While our family and friends in Utah and Idaho began posting their first pictures of snowstorms and selfies from the basement trainer, we were driving south to Ocala, Florida. After five days of freezing rain in the mountains of northern Georgia, our family was ready for warm temperatures and sunshine. Along the I-75 corridor, the trees changed from pine to pecan and then to palm.
We pulled into the Santos trailhead, home of an IMBA bronze-level ride center, to 70 degrees and a light breeze. We quickly stripped off our sweatshirts, eager to get in a ride before bothering to unpack. I managed to get a helmet on my 5-year-old before he was gone, lost for the week to the pumptrack, the skills area, and the jungle.
Rather than rummaging through the trailer for clothes, I chose to forgo a kit, slipping on a pair of bike shoes and a hydration pack. Amidst the throngs of boy scouts and couples on rental bikes, I fit right in wearing a pair of gym shorts and a tank top.
Despite the crowds in the parking lot, once we started down the trail, the jungle quickly swallowed us. Dense trees loomed on all sides, vines reaching out as if to grab us. The only sounds were a relentless cacophony of exotic birds and my 5-year-old asking for snacks.
Fun for All Skill Levels
Santos is unique in that it’s a place you can take your kids or your beginner-spouse and not want to poke your eyes out from boredom. Despite a complete lack of elevation (or thanks to it), the Santos trails are fast, fun, and surprisingly techy. Even the easiest green trails offer playful wooden features, with ride arounds for those who need them.
At the heart of the Santos trail system is an area known as the “Vortex.” This skills area boasts a challenging “black diamond” trail, several jump lines, wooden features, and a pumptrack. It also became our home base for the week thanks to its ability to keep the whole family entertained.
While the kiddo did endless, mind-numbing laps on the smaller jump lines, my husband and I took turns playing and riding the outer Vortex trail. This singletrack manages to be surprisingly strenuous when ridden at full-speed, taking advantage of every 5-foot chunk of elevation change. Tree roots are supplemented with wooden features and some seriously big drops, should you choose to take them.
On several other days, I managed to sneak away from camp to get in some solo rides. The hardest of the system trails–John Brown, Rattlesnake Ride, Sinkhole–were challenging to the point that I had to re-ride sections before cleaning them. They are fun enough that you will be left wishing there was more. For a longer cross-country ride, I did an out-and-back on the larger Cross Florida Greenway. This is a technically easy, but enjoyable ride that allows you to rack up some big miles–42, if you choose to do the whole thing.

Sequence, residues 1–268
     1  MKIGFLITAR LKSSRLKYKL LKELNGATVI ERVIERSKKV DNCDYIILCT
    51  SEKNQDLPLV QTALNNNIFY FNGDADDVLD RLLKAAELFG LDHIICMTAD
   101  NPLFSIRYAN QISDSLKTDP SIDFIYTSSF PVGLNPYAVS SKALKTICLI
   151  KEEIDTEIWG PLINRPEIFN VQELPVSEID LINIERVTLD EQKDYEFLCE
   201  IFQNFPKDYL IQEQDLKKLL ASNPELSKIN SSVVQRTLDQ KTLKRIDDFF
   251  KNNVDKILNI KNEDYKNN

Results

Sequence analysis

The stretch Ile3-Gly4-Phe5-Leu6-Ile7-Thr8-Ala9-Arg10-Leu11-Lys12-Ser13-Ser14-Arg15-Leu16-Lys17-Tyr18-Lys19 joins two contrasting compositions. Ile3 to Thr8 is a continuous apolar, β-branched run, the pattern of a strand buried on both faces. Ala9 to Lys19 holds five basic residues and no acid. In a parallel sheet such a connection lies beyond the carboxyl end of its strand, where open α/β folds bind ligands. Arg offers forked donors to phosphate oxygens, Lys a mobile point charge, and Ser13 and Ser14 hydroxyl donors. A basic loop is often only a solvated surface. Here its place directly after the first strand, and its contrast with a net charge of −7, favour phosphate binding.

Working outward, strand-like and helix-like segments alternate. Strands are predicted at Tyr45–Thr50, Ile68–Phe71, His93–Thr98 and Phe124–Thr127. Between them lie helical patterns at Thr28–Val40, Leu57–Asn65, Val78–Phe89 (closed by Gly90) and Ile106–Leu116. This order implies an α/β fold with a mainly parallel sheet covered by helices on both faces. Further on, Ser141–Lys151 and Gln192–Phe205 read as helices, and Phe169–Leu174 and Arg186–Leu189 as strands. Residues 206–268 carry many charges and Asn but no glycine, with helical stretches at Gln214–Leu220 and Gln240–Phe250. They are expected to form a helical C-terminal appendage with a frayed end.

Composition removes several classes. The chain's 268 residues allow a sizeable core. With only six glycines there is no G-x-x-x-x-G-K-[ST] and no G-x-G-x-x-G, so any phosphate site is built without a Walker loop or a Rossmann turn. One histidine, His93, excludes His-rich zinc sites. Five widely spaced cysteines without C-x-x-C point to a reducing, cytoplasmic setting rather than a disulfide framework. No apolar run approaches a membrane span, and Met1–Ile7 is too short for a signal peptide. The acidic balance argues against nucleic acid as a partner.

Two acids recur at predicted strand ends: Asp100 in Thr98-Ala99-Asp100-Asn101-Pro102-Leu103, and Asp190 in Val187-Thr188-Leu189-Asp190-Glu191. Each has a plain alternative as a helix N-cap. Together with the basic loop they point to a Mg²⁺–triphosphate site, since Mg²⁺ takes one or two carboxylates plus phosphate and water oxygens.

Perhaps the most compelling reason to come to Santos is the weather. When you are sick of frozen snot and riding with pogies, Santos is the closest thing to heaven on earth.
The average high temperature in Ocala in December is a balmy 73 degrees, and nighttime temps stay well above freezing. Unlike other “winter” destinations like Moab, UT or Sedona, AZ, there’s no chance that you will get caught in a freak snowstorm. We visited the week before Thanksgiving and I never had to put on a long-sleeve jersey or knee warmers. In fact, I sent plenty of short-sleeve selfies to friends and family stuck in the snow. (Sorry, not sorry!).
For those interested in camping, the Santos trailhead has a campground that is open year-round. We stayed in Site 1 and were alone most of the week, except for Friday when the hoards started moving in. I hung a hammock from the many palm trees at our camp, where I enjoyed a daily post-ride beverage. There’s even a bike shop, Greenway Bicycles, across the street with all the necessities — bike parts, ice cream, beer. You could easily park your car for a long weekend and never drive again until it’s time to go.
If you do decide to venture away from the trailhead, Santos offers a variety of other activities to keep you occupied for a week or so. We enjoyed kayaking with the alligators at nearby Silver Springs State Park and playing board games at the nearby Infinite Ale Works brewery. Or, maybe the ocean is your thing? Daytona Beach is an easy 90-minute drive from camp.
If you’re still under snow in early spring, one of the best times to visit is in March for the annual Santos Fat Tire Festival. The three-day event features bike demos, guided rides, and skills clinics. A ticket gets you camping, meals, live music, and more.
Santos probably isn’t the place you want to head for your annual “bro” trip. There’s nothing “epic” here. But for anybody who’s looking for a healthy dose of warmth and sunshine, or who wants to take a family-friendly mountain bike trip, Santos will surprise you with just how much fun it is.